May 10, 2018 04:24 PM

Consumer Inflation Cools in April

Shoppers buy vegetables in a Taiyuan, Shanxi province supermarket on April 11. Photo: VCG
Shoppers buy vegetables in a Taiyuan, Shanxi province supermarket on April 11. Photo: VCG

*The consumer price index rose 1.8% year-on-year last month, the lowest increase since the first month of the year

* While the consumer price index is likely to remain steady, potential restrictions on U.S. soybeans, pork may drive up food prices

(Beijing) — Consumer prices in China rose at their slowest pace in three months in April as industrial price growth remained low, official data showed Thursday.

The data provides more evidence that inflation pressure is easing in the world’s second-largest economy.

The consumer price index (CPI), which measures the prices of a basket of consumer goods and services, rose 1.8% year-on-year last month, the weakest pace since January, according to figures released by the National Bureau of Statistics (NBS).

The producer price index (PPI), which tracks changes in the prices of goods bought and sold by manufacturers and mining companies, increased 3.4% from a year earlier, coming off a 17-month low of 3.1% in March, NBS data showed.

However, the pickup in PPI growth was entirely due to a relatively low comparison base in the same month last year, NBS analyst Sheng Guoqing said in a separate statement. Without such a low baseline, PPI would have actually fallen 0.2% in April from a year earlier.

On a monthly basis, PPI fell 0.2%, according to the NBS.

Industrial inflation has continued to moderate since the PPI peaked at 7.8% in February 2017 as the price-buoying effect of the country’s campaign to cut excess capacity in industries such as coal and steel has waned. The policy, which started two years ago, sent prices soaring and led the index to snap a 54-month streak of drops to return to the positive territory in September 2016.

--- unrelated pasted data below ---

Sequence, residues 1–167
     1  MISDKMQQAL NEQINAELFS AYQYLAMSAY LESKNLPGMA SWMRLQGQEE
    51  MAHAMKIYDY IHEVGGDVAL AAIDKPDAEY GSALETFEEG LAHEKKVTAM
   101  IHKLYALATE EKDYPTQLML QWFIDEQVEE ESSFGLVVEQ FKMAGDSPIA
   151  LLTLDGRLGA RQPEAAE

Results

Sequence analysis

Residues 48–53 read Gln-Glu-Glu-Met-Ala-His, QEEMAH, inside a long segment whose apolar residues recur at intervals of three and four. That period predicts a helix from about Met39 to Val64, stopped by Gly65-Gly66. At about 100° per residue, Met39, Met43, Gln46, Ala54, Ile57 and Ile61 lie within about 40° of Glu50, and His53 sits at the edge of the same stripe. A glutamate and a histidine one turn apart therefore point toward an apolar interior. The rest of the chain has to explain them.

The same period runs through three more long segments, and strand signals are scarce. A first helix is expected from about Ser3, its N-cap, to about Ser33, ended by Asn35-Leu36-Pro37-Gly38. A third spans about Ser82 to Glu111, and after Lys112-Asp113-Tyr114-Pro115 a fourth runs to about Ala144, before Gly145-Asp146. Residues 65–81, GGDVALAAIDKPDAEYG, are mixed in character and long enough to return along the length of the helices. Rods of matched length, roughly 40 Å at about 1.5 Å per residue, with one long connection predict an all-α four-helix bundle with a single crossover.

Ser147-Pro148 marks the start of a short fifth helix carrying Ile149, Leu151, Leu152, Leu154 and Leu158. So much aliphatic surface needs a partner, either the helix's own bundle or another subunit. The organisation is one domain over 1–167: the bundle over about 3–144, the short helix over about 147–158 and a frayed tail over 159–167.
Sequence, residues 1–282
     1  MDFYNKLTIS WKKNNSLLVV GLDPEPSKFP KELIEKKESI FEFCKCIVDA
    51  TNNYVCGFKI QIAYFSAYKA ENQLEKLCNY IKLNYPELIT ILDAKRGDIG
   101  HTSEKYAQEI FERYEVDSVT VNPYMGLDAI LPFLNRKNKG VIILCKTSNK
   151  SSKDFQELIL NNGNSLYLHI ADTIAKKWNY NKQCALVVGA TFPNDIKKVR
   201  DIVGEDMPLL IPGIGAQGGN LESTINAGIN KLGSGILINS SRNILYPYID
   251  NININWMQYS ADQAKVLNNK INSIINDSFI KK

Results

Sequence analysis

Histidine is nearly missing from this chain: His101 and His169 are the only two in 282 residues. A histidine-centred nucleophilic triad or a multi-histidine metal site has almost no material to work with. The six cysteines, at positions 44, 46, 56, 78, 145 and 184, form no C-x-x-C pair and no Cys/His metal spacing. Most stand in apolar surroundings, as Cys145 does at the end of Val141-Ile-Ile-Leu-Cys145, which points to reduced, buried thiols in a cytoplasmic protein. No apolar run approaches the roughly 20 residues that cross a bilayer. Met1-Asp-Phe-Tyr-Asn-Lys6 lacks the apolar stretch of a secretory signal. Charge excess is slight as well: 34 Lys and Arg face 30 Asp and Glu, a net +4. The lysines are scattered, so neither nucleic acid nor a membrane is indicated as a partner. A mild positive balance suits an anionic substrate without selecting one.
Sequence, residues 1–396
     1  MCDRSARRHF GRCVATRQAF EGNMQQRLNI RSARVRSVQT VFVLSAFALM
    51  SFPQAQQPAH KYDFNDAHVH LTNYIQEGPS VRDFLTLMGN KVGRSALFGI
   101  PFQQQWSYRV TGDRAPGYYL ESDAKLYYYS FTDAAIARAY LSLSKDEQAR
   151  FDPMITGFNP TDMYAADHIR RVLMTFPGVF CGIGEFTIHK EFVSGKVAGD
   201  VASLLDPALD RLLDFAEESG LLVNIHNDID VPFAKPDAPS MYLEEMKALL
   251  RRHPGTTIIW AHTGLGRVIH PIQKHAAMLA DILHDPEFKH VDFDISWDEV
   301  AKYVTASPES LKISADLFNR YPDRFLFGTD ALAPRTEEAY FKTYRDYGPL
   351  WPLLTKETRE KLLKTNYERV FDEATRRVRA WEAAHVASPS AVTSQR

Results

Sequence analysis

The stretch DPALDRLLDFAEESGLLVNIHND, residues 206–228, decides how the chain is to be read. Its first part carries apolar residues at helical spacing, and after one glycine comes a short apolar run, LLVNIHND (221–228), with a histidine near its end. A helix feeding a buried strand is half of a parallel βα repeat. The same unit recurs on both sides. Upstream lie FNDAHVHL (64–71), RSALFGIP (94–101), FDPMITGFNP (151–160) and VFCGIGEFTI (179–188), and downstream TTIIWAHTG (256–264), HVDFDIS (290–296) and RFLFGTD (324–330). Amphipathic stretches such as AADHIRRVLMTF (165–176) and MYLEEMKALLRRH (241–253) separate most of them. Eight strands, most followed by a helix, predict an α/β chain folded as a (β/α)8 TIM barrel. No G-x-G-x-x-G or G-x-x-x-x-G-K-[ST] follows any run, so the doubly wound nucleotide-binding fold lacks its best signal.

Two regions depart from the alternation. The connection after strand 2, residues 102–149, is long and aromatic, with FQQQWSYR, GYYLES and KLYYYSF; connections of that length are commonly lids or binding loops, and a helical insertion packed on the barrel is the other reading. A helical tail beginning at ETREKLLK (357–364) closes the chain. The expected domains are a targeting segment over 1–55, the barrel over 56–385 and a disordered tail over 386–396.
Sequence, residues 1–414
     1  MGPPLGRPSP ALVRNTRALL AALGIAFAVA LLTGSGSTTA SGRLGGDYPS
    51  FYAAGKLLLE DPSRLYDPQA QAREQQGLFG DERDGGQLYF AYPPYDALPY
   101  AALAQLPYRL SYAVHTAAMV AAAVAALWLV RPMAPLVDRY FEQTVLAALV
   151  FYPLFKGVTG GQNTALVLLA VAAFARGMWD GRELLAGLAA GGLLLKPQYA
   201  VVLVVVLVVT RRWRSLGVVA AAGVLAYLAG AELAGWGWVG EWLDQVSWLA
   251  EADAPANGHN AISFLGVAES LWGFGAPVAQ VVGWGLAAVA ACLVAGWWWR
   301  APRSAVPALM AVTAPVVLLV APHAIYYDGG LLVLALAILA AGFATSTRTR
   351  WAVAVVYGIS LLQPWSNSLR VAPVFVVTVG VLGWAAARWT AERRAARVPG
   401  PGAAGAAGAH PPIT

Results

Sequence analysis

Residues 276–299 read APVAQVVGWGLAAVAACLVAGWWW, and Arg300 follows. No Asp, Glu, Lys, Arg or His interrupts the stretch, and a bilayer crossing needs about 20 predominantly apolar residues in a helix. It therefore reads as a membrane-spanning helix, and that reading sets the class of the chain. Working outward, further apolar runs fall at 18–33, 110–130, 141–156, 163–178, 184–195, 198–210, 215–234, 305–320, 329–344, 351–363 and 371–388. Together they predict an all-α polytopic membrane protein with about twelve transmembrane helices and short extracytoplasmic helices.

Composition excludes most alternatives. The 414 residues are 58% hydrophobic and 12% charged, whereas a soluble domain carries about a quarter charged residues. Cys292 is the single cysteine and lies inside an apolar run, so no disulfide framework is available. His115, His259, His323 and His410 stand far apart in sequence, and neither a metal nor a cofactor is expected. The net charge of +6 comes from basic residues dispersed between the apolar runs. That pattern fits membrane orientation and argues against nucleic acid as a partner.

The PPI will possibly start falling again by the end of the year, said Julian Evans-Pritchard, an economist with research firm Capital Economics.


Meanwhile, the CPI is likely to remain steady in the coming quarters, although China’s potential restrictions on imports of soybeans and pork from the U.S. amid bilateral trade tensions pose a risk that food prices might spike, he said in a note.

“Softening price pressures should give the People’s Bank ample room to loosen monetary policy later this year in response to cooling economic activity,” he added.

Last month, China’s top leaders called for boosting domestic demand to ensure the economy maintains stable growth. The call came after first-quarter gross domestic product growth decelerated on a quarterly basis for the second straight quarter. Growth came in at 6.8% year-on-year in the first three month, the same pace as in the October-through-December period.

The call has been widely regarded as a sign the government is prepared to fine-tune its policies to bolster economic growth as exports face headwinds from the trade dispute with the U.S.

Contact reporters Lin Jinbing ( and Fran Wang (

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